Art Therapy for Autism

Art Therapy Is a Well-Established Treatment for Autism

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What Is Art Therapy?

According to the American Art Therapy Association, "art therapy is a mental health profession that uses the creative process of art making to improve and enhance the physical, mental and emotional well-being of individuals of all ages. It is based on the belief that the creative process involved in artistic self-expression helps people to resolve conflicts and problems, develop interpersonal skills, manage behavior, reduce stress, increase self-esteem and self-awareness, and achieve insight."

In practice, art therapy can look very different when practiced by and with different individuals. It can be free-flowing or structured, interactive or individual. For children and adults with autism, it can be a wonderful way to open to doors to expression.

Why Use Art Therapy to Treat Autism?

One of the hallmarks of autism spectrum disorders is difficulty with verbal and social communication. In some cases, people with autism are literally non-verbal: unable to use speech to communicate at all. In other cases, people with autism have a hard time processing language and turning it into smooth, easy conversation. People with autism may also have a tough time reading faces and body language. As a result, they may have difficulty with telling a joke from a statement, or sarcasm from sincerity.

Meanwhile, many people with autism have an extraordinary ability to think visually - "in pictures." Many can turn that ability to good use in processing memories, recording images and visual information, and expressing ideas through drawing or other artistic media.

Art is a form of expression that requires little or no verbal interaction which can open doors to communication.

All too often, it's assumed that a non-verbal person or a person with limited verbal capabilities is incompetent in other areas. As a result, people on the autism spectrum may not be exposed to opportunities to use artistic media -- or the opportunities may be too challenging in other ways (in large class settings, for example).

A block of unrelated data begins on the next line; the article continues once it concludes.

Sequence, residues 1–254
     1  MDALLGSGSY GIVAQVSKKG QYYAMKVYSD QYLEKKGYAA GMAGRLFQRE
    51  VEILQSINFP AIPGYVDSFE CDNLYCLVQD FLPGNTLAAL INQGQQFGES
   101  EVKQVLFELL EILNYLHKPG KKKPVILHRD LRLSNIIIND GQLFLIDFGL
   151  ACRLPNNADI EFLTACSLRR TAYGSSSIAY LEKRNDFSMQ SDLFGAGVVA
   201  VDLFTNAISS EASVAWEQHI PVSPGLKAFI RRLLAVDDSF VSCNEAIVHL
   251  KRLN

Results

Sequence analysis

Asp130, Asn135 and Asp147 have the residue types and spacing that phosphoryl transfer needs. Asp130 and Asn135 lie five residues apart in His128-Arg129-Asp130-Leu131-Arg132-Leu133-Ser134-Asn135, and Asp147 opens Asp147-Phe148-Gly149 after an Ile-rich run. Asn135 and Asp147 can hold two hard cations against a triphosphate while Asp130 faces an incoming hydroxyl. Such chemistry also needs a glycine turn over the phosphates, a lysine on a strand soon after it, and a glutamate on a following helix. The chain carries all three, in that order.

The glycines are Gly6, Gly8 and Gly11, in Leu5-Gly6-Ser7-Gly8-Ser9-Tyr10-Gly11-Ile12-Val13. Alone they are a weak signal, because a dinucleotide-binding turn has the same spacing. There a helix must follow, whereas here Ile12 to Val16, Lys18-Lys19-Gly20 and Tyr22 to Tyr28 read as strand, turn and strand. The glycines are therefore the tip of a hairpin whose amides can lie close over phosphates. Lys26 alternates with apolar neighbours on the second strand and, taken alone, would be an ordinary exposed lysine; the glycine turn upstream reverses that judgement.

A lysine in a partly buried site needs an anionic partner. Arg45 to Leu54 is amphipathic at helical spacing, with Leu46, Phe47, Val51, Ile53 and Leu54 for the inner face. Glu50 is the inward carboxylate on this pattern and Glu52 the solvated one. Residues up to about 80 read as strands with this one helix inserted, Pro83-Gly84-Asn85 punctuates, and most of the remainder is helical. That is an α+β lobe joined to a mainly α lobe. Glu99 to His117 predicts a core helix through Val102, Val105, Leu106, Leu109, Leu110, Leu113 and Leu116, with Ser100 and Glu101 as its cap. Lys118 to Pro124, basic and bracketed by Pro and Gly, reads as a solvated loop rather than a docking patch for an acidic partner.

Art therapy offers an opportunity for therapists to work one-on-one with individuals on the autism spectrum to build a wide range of skills in a manner which may be more comfortable (and thus more effective) than spoken language.

What Can Art Therapists Do for People with Autism?

The research is somewhat sketchy regarding the impact of art therapy on people with autism -- the literature consists mainly of case studies and papers describing the observed impact of art therapy programs. Some of the papers written and presented on the subject, however, suggest that art therapy can do a great deal. In some cases it has opened up a whole world of opportunity to an individual with autism who has significant artistic talent. In other cases it has created a unique opportunity for personal bonding. Other possible outcomes include -

  • Improved ability to imagine and think symbolically
  • Improved ability to recognize and respond to facial expressions
  • Improved ability to manage sensory issues (problems with stickiness, etc.)
  • Improved fine motor skills

How to Find and Select an Art Therapist

Qualified art therapists hold a masters degree and are certified through the Art Therapy Credentials Board. Not all qualified arts therapists, however, have specific experience working with people on the autism spectrum: many specialize in working, for example, with trauma victims, individuals with mental illness, etc. To find an art therapist, start with the Art Therapy Credentials Board's online therapist locator. When you've located a local therapist, call to find out what experience that individual has had with autism spectrum disorders. While extensive experience may not be critical, it is very important that the therapist you choose understands the specific issues, challenges and strengths associated with autism. It's important to note that art therapy is not just for young children, or even for children in general. Its usefulness has been established for people of all ages, including adults.


American Art Therapy Association Website

Art Therapy Credential Board Website

W. Bentivegna. "The use of art with an autistic child in residential care." American Journal of Art Therapy, 22, 51-56. 1983.

D.J. Betts. "The art of art therapy: Drawing individuals out in creative ways." Advocate: Magazine of the Autism Society of America, 26-27. 2005.

Melinda Emery. "Art Therapy as an Intervention for Autism." Art Therapy Journal of the American Art Therapy Assoc, p143-147 2004


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